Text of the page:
Those shots look great, Sandy, good job! I just finished my first one this week – what a great project. I found Paul’s balance between “watch out for this” and letting us go off and do it without too much handholding just right for this particular project. Managed to pull the whole thing off with just the hand-tools. It was slower, a bit, but so extremely satisfying. This is my first work with drawbores and I have to say I’m hooked. What a great way to pull the joints in on these larger pieces especially. I’ve got a couple more spots in the garden that need these perches, so two more to come as time permits.
My first is tight-knot pine and I’ve stained it and then finished it with three coats of spar (marine) varnish. I live near the water on the west coast of Canada, and there’s lots of salt (and rain!) in the air, so I’m hoping that will help keep things together for a while before it needs re-finishing.
Ian, that’s a good looking bench. You’ll enjoy that for years to come.
Finnishing is one of my least loved activities although it should be a priority for this one since it is going to live outside.
I’ve never used Marine varnish but I may have to give that a try. I’d also considered a preasure treated runner on each side to sit the legs on to keep it safe from moisture coming up from the ground.
I do like what Paul said though about letting it go back to nature. But I think I’ll extend the life of mine with a little finish.
Thanks for sharing the picture.
At long last, my knotty cedar version is taking shape. In spite of many mistakes and in-judicious cutting (as Paul would say), this project is real fun.
My tiny basement shop has no place to back off and take a picture that spans the full width, and
first time publicly posting anything I made, so here goes a bashful picture.. Rails are from 2×4 and 2×6’s planed down to 1 3/8″, so thicker than Paul’s dimensions.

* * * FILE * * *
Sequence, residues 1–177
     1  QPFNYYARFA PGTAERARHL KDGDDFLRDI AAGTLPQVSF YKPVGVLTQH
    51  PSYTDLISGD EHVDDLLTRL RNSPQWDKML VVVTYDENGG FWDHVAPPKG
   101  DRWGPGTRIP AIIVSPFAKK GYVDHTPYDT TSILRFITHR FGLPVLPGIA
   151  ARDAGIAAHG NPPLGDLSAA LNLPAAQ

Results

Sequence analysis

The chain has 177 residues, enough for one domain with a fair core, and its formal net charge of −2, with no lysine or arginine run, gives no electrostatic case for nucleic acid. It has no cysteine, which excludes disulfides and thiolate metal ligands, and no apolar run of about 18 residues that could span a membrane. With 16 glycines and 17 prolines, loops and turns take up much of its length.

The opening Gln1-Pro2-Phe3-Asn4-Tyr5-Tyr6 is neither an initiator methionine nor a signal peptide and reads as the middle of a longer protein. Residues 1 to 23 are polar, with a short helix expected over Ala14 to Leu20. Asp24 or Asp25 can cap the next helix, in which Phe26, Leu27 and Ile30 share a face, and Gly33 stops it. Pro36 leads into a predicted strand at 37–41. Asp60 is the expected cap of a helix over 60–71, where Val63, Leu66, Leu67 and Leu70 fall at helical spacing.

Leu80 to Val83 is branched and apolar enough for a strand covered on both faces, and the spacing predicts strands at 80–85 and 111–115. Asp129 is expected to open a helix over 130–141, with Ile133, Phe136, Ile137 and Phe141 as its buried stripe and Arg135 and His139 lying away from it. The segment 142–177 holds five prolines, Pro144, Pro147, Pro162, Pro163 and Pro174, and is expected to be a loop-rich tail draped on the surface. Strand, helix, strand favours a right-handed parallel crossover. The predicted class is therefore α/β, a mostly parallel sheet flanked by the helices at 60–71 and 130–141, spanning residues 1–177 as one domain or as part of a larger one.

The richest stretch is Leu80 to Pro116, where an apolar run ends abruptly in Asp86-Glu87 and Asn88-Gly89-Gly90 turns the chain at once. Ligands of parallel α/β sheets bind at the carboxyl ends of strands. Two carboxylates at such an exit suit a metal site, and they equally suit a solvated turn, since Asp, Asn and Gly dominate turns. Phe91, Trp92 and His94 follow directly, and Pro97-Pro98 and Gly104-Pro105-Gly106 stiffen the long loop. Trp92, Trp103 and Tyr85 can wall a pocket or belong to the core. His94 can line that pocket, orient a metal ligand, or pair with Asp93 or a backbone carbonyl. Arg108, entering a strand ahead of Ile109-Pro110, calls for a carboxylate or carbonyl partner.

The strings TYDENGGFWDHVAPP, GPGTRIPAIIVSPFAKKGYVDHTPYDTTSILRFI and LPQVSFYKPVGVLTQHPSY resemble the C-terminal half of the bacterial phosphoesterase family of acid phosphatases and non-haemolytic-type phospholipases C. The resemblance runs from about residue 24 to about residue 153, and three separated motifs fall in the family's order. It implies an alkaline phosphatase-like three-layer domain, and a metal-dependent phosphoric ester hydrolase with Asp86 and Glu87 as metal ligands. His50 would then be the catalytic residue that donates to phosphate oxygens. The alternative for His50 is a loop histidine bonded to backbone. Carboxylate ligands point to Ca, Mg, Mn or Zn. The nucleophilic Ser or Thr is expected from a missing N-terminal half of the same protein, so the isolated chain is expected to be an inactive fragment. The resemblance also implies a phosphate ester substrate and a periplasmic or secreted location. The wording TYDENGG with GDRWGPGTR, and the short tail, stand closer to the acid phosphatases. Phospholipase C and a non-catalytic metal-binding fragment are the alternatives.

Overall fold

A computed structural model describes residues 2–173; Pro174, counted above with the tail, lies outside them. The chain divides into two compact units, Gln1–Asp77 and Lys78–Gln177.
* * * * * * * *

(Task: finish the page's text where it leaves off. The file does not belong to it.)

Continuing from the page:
That’s a great looking Bench Selva. Nothing to be bashful about there. This is one of the fun projects and I am so glad Paul did this project. I started on my 3rd one this week and I have a paying order for one made from Oak.
There were a couple of things I did a bit different from the project series. In the center support, I used through tenons and wedged them with a walnut wedge.
The other thing that I did was use Kreg Jig and pocket screws instead to hold the slats down.
I like the beefy look of the thicker boards. I used 2×6 but planed them down to just over 1 inch. I may go with 1 3/8 on the next one.
The frame is rock solid but the slats squeak a bit when sat on — especially after left unoccupied for a while. This may be due to the slats not seating well as the side rails are curved but the slats are not shaped to match. I finished the slats and frame separately before screwing in (a few coats of varnish) which might be aiding the noise to be more pronounced. Anything I can do to reduce the squeakiness?
I’m tempted to take out the slats and shape their underside to seat them well on the rails but would like to avoid the extra work.
I also finished the slats before putting them on (spar varnish), and they are not carved to the supports, but I’m not getting squeaking – not sure what would drive that. Before shaping the slats, I’d probably try using a bit of paste wax on the support top to allow the slats to move the tiny bit it is trying to, without a squeak. Worth a try.